Iron-Age Dreaming at The Brochs of Coigach

by Keith Savage · 4 comments

The Brochs of Coigach, Achiltibuie, Wester Ross, Scotland

The beauty of Scotland’s northern highlands is a beauty largely untrammeled by mankind: Hills slope into the sea, mountains rear up from the moor, and islands heave across the horizon. Humans have lived in these parts for millennia, however, and seeing their remarkable stewardship of the land in person fills one with a desire to honor their stunning landscape and history. Out here you won’t find strip malls, Wal-Marts, parking structures, or hideous billboards. You’ll find small homes, farmsteads, and even a surprise or two.

I’m certainly not the only person inspired by this gorgeous stretch of highland coastline. Following the coast northwest from Ullapool to the tiny village of Achiltibuie (pron. AK-il-tih-boo-ee) you’ll find The Brochs of Coigach, one the most amazing accommodations in Scotland. A “broch” is an Iron Age drystone dwelling found only in the northern highlands and islands of Scotland, and owners Reiner and Sheileagh Luyken have used these ancient structures as inspiration for a pair of luxury, eco-centric buildings. When I stumbled upon the Brochs in my pre-trip planning they immediately became a centerpiece around which I built the rest of the trip. There was no way I would miss out on experiencing these accommodations, and the best part was that I would be sharing the experience with Sarah and my parents.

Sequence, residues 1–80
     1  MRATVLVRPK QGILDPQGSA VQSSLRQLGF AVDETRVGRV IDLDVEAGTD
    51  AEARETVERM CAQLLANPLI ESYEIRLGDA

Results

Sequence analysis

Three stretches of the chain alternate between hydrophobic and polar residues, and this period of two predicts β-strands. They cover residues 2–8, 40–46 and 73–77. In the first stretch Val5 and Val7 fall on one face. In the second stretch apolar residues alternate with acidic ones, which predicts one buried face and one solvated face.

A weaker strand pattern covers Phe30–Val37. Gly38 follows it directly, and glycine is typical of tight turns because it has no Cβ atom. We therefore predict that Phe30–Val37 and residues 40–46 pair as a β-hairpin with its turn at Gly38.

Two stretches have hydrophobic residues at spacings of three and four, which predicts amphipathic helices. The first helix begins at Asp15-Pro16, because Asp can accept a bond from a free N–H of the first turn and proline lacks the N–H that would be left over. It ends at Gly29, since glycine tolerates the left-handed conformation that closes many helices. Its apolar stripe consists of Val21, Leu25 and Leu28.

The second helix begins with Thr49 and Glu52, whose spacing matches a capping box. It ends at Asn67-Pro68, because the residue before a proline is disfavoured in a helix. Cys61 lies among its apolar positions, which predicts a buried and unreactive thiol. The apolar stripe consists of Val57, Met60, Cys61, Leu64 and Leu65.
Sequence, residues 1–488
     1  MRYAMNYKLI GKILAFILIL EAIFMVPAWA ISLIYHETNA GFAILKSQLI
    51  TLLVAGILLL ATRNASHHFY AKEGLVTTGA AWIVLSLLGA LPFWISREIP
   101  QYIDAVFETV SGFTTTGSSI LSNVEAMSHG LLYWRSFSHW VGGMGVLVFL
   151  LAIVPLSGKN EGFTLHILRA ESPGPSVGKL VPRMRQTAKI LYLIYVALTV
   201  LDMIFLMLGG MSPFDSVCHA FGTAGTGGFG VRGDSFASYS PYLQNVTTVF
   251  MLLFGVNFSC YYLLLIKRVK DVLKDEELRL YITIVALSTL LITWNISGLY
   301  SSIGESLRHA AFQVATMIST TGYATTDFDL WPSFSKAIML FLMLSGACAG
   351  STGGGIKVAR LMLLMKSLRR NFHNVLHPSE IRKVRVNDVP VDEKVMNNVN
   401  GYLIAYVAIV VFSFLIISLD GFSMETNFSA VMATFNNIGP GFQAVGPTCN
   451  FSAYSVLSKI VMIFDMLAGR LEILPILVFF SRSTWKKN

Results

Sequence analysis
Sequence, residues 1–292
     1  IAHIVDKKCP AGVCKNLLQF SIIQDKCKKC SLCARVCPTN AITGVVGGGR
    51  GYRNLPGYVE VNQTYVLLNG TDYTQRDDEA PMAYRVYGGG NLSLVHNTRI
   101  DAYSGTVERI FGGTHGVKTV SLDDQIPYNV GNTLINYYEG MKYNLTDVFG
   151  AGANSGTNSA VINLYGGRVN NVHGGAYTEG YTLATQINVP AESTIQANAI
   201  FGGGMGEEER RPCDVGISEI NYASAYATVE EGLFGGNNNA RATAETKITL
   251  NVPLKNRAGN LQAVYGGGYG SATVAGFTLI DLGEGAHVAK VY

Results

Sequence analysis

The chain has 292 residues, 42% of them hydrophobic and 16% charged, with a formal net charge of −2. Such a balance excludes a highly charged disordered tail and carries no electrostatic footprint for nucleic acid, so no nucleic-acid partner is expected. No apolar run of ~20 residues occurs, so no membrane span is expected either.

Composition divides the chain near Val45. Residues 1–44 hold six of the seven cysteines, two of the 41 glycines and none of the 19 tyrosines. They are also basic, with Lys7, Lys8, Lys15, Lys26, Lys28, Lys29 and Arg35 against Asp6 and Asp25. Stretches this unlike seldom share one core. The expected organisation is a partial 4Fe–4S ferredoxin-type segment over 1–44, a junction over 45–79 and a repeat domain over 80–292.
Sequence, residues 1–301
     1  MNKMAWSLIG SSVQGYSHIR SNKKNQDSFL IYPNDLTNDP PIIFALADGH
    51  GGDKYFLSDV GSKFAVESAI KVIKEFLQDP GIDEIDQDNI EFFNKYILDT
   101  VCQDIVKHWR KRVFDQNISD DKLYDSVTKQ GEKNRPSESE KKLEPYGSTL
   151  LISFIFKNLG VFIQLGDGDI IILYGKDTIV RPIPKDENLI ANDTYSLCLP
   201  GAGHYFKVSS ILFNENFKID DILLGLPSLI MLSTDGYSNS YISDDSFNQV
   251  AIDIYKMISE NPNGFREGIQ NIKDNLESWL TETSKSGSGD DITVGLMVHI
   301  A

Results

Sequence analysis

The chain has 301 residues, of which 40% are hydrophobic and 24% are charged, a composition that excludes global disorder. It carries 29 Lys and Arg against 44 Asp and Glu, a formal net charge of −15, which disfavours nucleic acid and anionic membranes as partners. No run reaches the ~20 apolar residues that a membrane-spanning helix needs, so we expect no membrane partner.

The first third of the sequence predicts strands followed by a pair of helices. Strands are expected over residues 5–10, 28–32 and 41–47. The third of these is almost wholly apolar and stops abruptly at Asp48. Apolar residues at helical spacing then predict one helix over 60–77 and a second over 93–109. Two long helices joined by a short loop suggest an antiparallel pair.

After leaving the Torridon Inn we drove up to Ullapool and beyond, to the Coigach Peninsula, where solitary mountains reach for the skies. I’m a nerd, so it’s no wonder that Stac Pollaidh reminded me of the Lonely Mountain, and there was more of Middle Earth to this place for as we followed Reiner from Polbain to the Brochs my first impression of them was that they looked a bit like hobbit holes. I was thrilled. Reiner came to Scotland from Germany close to 40 years ago and met Sheileagh, who inherited the land on which the Brochs of Coigach were built. The land has such a compelling view of the Summer Isles that they decided to turn it into a destination, and with the help of some truly gifted architects, craftspeople, and their own imagination and design principles they built the Brochs of Coigach.